How should my start-up approach advertising? It’s a difficult and important question for start-ups. It’s difficult because, relative to established brands, start-ups do not have the luxuries of a dedicated strategist to plan the advertising or an agency to produce the advertising. It’s important because start-ups tend to operate with a narrower margin for error compared to established brands. If the advertising fails, they are more likely to not have the resources for a second effort. Indeed, the success of advertising for a startup might be the difference between gaining or losing momentum for their business.
The good news is that several strategic considerations can start to help start-ups get more from their advertising.
First, start-ups should ask themselves what the advertising must accomplish. It’s a common misperception, one I have heard even among people with established brands, to view advertising through the sole directive to increase sales. While the increase in sales in one objective of advertising—and one I value tremendously—advertising can support other important functions. For example, advertising can be used to grow awareness, create buzz, foster positive evaluations, or push consumers towards trial. Each of these outcomes can ultimately contribute to sales, but they represent a different focus that can impact how the advertising is developed and evaluated.
For example, some new product innovations have such a strong point of difference that, once people aware the product, consumers’ have an immediate desire for it. I have invested in several ideas on kick starter.com as soon as I became aware of the product; I did not need advertising to convince me of, or help me understand, the benefits. In such circumstances, the primary goal of advertising might simply be to make consumers aware the product exists and/or how to obtain it. In other situations, however, consumers might not understand what the product is or why it is desirable. For example, when Tivo first launched, some people had trouble relating to what it was and what it did. Here, attention did not appear sufficient, advertising needed to further educate, inform, and persuade the individual. One’s goals shifts what the creative execution has to accomplish.
Second, start-ups lack the same insights about consumers as established brands. Put simply, start-ups do not have a massive amount of data on the psycho graphics of their consumers. This can be a serious issue because it makes it difficult to know what to communicate in one’s advertising. However, savvy start-ups can address this concern in two ways.
First, even in the digital age, it is amazing how far a focus group can go in the service of insight. I have had former students of mine report that they learned the most from simply sitting down and chatting with a target; it’s a tool I’ve seen effectively used for small and large brands alike. Of course, the value of focus groups does not mean start-ups should not take full advantage of the digital age. In fact, this is where a second opportunity exists to obtain insights. Brands can use their advertising to test different strategies in a manner to help them learn about the consumer. Specifically, brands can vary their copy to understand the type of messages and appeals that are more effective. For example, if one has two competing ideas about what will be most effective, a clear means to answer this is to provide an empirical test of the executions. Indeed, small scale digital efforts focused on learning about the consumer can provide another benefit to advertising.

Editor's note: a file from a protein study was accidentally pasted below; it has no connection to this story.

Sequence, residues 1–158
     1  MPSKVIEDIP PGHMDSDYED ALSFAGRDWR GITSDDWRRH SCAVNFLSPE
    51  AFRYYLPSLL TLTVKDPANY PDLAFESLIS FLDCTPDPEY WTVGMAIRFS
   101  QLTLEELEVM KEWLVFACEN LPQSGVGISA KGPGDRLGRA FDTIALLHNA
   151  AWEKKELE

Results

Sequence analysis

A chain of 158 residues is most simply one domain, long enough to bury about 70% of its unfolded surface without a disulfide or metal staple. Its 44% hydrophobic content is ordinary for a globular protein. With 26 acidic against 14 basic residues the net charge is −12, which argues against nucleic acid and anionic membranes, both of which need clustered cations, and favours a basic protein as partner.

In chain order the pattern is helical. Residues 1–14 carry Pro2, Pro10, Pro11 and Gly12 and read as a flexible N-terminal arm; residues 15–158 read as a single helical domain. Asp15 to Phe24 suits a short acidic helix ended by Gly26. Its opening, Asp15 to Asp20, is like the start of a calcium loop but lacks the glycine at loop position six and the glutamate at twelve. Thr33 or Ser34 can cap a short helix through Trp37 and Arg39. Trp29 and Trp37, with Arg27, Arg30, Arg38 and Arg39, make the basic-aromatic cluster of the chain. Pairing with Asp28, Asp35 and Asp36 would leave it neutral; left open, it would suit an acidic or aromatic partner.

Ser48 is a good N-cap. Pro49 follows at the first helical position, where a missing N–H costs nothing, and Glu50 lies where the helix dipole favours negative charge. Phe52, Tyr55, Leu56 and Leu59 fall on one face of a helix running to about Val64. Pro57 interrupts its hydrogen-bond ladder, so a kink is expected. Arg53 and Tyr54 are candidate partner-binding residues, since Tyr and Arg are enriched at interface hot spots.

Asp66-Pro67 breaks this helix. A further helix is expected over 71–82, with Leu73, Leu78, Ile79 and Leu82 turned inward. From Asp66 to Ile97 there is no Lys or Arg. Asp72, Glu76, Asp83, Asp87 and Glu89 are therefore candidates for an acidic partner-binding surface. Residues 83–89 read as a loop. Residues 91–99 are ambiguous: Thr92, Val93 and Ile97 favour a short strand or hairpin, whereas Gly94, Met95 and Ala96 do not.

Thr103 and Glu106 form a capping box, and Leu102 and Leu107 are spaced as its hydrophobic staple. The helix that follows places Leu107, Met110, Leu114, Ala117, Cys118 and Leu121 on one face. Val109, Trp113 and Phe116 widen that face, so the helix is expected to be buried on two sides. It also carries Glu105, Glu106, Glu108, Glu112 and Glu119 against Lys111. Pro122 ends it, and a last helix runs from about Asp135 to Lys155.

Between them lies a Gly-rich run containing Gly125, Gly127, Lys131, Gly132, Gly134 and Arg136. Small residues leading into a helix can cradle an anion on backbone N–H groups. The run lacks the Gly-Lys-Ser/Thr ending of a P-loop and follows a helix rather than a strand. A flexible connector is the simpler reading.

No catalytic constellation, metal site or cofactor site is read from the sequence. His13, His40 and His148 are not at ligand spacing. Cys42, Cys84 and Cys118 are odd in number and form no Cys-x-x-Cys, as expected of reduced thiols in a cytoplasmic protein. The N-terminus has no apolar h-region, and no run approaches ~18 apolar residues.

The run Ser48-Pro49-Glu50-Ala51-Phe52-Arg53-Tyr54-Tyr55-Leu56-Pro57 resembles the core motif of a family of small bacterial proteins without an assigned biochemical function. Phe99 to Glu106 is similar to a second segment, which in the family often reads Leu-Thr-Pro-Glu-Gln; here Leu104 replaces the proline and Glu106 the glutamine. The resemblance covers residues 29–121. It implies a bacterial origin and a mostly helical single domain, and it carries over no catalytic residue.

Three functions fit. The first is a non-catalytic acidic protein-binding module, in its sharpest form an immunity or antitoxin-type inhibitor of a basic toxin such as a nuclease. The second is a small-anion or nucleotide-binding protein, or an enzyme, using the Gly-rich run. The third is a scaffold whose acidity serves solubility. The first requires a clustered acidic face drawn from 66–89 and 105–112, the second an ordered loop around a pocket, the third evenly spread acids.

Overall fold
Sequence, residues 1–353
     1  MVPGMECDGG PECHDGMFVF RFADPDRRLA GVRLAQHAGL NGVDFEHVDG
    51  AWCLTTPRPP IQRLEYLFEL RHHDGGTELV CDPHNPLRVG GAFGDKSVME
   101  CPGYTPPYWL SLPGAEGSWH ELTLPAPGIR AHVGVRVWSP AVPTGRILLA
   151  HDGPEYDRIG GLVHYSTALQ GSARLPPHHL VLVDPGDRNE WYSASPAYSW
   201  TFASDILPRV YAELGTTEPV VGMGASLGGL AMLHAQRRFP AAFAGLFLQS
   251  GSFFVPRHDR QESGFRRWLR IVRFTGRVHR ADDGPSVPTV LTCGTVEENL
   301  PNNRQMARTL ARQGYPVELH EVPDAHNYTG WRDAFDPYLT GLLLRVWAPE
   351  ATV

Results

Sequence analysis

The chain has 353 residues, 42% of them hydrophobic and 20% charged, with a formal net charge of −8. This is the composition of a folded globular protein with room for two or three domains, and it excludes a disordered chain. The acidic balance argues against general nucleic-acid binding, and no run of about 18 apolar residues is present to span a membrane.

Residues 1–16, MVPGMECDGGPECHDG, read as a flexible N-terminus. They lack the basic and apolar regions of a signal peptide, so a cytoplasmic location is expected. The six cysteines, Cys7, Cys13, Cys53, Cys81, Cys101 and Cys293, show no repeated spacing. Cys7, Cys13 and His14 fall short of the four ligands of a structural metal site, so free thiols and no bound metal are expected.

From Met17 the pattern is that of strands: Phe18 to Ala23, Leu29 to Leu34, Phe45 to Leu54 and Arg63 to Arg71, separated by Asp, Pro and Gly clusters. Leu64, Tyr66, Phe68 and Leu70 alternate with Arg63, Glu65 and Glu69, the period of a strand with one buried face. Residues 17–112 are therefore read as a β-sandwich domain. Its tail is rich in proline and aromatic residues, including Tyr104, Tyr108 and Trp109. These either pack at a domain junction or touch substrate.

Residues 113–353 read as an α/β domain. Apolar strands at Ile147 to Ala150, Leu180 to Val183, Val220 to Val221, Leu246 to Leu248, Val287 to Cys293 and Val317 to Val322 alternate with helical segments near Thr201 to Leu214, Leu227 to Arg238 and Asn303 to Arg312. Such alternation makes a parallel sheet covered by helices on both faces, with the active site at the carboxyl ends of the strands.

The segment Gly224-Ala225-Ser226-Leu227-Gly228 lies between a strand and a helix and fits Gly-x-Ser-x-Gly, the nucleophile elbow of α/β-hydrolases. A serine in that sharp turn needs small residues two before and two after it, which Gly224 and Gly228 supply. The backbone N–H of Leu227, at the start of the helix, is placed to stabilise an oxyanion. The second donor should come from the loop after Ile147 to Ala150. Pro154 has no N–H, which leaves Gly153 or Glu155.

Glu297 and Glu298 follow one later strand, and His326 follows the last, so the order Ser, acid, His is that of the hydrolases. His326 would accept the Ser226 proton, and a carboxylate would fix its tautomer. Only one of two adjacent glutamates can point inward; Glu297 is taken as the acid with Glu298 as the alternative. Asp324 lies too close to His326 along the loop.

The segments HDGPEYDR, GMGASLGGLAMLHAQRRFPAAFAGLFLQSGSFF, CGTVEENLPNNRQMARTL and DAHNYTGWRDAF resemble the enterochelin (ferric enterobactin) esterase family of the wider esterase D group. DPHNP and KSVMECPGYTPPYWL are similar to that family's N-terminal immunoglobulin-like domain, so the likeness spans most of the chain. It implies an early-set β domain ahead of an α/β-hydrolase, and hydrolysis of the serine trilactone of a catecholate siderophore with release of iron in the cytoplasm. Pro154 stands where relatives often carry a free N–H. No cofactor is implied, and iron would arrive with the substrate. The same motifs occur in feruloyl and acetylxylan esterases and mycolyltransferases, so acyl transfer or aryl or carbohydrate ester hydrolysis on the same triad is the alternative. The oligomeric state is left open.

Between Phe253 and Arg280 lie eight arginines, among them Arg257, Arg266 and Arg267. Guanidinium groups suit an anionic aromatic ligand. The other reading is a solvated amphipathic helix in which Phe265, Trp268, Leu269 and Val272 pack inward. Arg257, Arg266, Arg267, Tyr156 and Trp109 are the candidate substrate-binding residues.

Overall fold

Finally, while start-ups find themselves in a different place than established brands, some of the basics of sound brand building still apply. For example, when I work with entrepreneurs, I continue to stress the importance of a sound creative brief. This planning document, when drafted with care and competence, forces strategic thinking for a brand. It’s a situation, in my opinion, where size of the brand doesn’t matter. For example, my own creative brief forces me to think about issues related to insight and positioning. For start-ups, a creative brief can introduce struggle because they don’t always know how to compete. However, with this struggle comes an opportunity to address those deficits, such as insight. Moreover, for start-ups doing the creative strategy in house, the creative brief can help them acclimate to the dual roles of strategy and creative.
The decision to advertise by a start-up can be a big deal. And, whether that first step is a small social media effort or simple display advertising, the utility of that effort will be aided by the addition of strategic structure.
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